If you’re reading this, you probably enjoy the outdoors. You probably like exploring and learning about all the wonderful things in our environment. This is a good thing. Many studies have shown that a love of nature in adults can often be traced to childhood. Hiking and camping, boating and fishing, or just plain playing in the vacant lot next door are all seeds of a lifelong connection to the living world — a connection that’s both good for one’s health and good for nature.
When I teach the Florida Master Naturalist course, I always tell students that we must put actions into perspective. There are actions of the past that may have been based on a different set of values or different best available science. It’s unfair to judge them based on what we know now.
As an example, think about how natural it was back in the day to catch tarpon and hang them up as trophies at the dock. Today we know how fragile the tarpon fishery is, and we go to great lengths to ensure its survival. Of course, it’s also regulated that way now, but still — different day, different information, different values.
There are also the actions of people who just don’t know any better or don’t see their actions as harmful. For example, collecting a single live conch or whelk may seem harmless enough — until you consider the cumulative effect of many people collecting live shells. Many tourists really don’t even realize that there is life inside the shell when they collect it, but they appreciate the beauty of the shell and the beauty of the coastal environment.
Shellfish, however, are an important part of the coastal food web. And as preeminent naturalist John Muir once said, “When one tugs at a single thing in nature, he finds it attached to the rest of the world.”
As naturalists and outdoor enthusiasts, young and old, it’s our responsibility to think about how our actions impact the world around us and be willing to modify our behavior when needed. Last week I was asked if I could help Charlotte County resource managers with a problem they are experiencing out on the beaches. The trouble is our furry pals — our dogs.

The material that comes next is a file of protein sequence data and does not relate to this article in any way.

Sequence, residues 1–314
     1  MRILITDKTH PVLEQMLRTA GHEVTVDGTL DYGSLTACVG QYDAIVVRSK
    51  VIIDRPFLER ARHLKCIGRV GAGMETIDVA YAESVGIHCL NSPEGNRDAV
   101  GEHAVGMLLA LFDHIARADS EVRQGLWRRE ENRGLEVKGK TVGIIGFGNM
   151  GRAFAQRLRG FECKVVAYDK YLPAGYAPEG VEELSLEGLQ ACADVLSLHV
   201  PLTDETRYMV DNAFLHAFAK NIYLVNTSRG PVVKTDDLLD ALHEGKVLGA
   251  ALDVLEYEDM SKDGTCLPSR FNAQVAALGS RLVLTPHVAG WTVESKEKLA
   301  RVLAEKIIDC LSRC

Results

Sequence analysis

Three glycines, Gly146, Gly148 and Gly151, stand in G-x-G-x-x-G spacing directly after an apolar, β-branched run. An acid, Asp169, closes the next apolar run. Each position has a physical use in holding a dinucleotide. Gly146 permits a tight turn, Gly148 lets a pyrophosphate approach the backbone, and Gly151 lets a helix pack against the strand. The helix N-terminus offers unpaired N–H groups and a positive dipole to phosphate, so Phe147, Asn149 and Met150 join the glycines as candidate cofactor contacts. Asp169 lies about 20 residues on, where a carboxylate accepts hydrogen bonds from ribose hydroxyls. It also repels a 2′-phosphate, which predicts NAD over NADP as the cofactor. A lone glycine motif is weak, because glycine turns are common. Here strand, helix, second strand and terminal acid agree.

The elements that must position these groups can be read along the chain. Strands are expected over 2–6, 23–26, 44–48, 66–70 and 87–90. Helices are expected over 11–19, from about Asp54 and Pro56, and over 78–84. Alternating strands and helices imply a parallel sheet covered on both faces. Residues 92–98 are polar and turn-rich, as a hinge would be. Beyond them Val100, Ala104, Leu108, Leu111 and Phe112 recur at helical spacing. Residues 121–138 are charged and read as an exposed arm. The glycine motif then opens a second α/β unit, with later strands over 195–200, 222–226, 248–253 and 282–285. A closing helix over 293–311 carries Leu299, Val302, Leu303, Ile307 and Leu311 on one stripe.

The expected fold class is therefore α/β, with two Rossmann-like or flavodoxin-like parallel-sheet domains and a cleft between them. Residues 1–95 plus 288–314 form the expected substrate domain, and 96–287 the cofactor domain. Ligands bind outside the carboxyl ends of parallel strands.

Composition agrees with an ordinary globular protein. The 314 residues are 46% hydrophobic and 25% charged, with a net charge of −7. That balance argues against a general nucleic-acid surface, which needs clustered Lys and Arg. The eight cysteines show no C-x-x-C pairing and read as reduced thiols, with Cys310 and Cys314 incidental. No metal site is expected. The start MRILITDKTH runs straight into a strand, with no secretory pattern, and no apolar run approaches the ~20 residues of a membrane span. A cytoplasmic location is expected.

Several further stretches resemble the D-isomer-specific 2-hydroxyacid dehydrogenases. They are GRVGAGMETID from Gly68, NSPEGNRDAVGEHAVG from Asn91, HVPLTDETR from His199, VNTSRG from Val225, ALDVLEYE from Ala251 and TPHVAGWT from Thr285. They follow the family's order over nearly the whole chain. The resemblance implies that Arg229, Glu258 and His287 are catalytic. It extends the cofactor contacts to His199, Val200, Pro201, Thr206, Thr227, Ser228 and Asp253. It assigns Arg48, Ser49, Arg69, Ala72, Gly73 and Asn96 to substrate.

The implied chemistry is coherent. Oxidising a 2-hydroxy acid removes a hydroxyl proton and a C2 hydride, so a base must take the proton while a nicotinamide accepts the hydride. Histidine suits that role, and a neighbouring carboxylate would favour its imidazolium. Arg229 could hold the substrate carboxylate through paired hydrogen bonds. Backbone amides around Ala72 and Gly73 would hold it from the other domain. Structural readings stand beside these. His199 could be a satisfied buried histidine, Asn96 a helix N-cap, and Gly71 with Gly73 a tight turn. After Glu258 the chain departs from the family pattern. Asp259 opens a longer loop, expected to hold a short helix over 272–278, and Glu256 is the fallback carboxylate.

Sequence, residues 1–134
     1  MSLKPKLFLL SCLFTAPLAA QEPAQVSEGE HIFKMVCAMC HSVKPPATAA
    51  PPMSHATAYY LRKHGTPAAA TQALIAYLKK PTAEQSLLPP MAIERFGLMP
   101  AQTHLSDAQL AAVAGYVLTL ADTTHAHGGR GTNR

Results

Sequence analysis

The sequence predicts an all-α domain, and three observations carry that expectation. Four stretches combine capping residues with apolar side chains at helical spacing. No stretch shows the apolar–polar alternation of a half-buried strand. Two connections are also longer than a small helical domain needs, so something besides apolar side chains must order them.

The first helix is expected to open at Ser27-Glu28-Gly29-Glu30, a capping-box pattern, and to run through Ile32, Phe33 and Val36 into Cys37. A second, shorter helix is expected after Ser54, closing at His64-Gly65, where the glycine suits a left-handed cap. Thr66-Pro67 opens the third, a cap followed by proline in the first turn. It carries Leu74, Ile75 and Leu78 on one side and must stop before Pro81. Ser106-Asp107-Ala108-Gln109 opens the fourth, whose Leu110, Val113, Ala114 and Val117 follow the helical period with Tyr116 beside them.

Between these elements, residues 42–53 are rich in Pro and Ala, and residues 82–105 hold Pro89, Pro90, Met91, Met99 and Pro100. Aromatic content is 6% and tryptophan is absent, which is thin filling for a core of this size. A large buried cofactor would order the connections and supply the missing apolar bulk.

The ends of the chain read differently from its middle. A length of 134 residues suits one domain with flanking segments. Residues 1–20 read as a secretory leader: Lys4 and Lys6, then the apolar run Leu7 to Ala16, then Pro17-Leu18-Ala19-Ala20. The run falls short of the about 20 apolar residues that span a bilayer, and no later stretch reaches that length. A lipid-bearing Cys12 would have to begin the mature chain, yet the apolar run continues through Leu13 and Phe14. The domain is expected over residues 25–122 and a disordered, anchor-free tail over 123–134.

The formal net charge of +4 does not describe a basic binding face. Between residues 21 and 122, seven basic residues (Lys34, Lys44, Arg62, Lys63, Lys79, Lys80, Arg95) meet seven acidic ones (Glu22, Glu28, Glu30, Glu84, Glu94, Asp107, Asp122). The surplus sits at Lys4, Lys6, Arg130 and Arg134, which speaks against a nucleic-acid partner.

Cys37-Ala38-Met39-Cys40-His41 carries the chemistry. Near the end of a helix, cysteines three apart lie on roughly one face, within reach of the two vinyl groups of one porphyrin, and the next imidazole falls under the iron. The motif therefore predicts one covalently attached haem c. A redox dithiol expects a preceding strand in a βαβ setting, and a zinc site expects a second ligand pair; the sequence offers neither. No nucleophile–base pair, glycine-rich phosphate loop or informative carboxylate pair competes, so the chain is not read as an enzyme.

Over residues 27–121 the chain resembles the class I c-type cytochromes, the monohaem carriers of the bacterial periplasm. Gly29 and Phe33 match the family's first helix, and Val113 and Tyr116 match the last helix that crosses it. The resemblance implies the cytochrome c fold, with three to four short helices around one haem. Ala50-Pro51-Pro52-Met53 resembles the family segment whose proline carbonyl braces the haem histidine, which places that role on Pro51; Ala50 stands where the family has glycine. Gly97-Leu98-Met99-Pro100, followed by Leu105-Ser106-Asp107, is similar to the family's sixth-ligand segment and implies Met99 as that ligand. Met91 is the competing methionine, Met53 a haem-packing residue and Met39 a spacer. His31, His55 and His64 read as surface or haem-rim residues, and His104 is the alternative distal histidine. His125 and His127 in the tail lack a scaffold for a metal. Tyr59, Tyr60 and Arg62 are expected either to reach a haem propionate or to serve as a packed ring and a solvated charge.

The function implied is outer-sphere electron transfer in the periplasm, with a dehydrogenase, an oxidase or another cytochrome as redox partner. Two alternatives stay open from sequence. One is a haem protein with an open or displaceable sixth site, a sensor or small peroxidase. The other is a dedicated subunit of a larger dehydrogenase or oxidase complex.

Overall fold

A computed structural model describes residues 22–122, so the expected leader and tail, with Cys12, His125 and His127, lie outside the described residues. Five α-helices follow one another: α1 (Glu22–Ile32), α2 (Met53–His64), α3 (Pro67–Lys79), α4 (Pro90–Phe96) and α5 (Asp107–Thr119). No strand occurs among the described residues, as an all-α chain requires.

I asked for some talking points to help me write, and … well, these are so good, let’s just say the rest of my column was written by Rebekah Augustinowicz, my colleague from Charlotte County Parks and Natural Resources.
Our beaches are critical nesting habitat for various species of sea turtle, shorebirds and seabirds, and critical resting habitat to numerous species of birds on migration. These areas are so important because they hold the only suitable conditions to meet the needs of the species utilizing them. This includes the types of sand, elevation, temperature range, proximity to the water, and available food sources.
One issue we face is dogs flushing resting or feeding migratory birds, causing them to fly away during their long fragile journey from feeding grounds to nesting grounds. For many bird species, life is dependent on their ability to migrate long distances, sometimes from the Arctic to the Caribbean (and sometimes even farther!) to reach species-specific locations for essential activities such as feeding and nesting.
Along the way, they make pit stops to rest their wings and feed to obtain enough energy to continue along their journey. Disturbances from dogs along their migration route can be detrimental to their survival — especially when they are dependent on specific beach conditions for their food source.
When a nesting bird flushes, it leaves helpless eggs and flightless chicks unattended and exposed to both predators and extreme temperatures. Some occurrences (especially repeated ones) lead to the birds abandoning nesting sites and colonies.
Domestic dogs are viewed by birds the same ways as their predatory cousin the coyote, and can do just as much damage to nesting sites.
The smell of dogs and dog feces may discourage birds from nesting in areas considered critical nesting habitat for fear of predation.
Dogs are also viewed as a predator to nesting and hatching sea turtles. A dog’s naturally curious nature, smell and vocalizations can cause failed or abandoned nesting attempts for adult sea turtles. Likewise, dogs have often been found guilty of digging up sea turtle nests, destroying eggs, and harming hatchlings just as coyotes would.
FWC states that although free-running dogs present the biggest danger, leashed dogs also impact wildlife simply by their presence. Birds respond differently to dogs than they do to humans. They fly away from dogs sooner, fly away farther, and may be reluctant to return to the area, which means they might abandon their potential nesting area or leave chicks exposed to heat and predation.
You can help by obeying local and Florida state park rules on beaches closed to pets. There are several parks in Southwest Florida that welcome Fido. Our closest are Brohard Beach Paw Park in Venice and Dog Beach Park at Fort Myers Beach.
For more information about beach nesting shorebirds or how to be a wildlife-friendly pet owner, visit http://bit.ly/2Vx58wF.
Betty Staugler is the Charlotte County extension agent for the Florida Sea Grant Program. She is active in many areas relating to boating, fishing, and watershed/coastal living. The Florida Sea Grant College Program supports research and education activities that help Florida’s shoreline communities, industries and citizens wisely use the state’s coastal and marine resources. Contact her at firstname.lastname@example.org or 941-764-4346.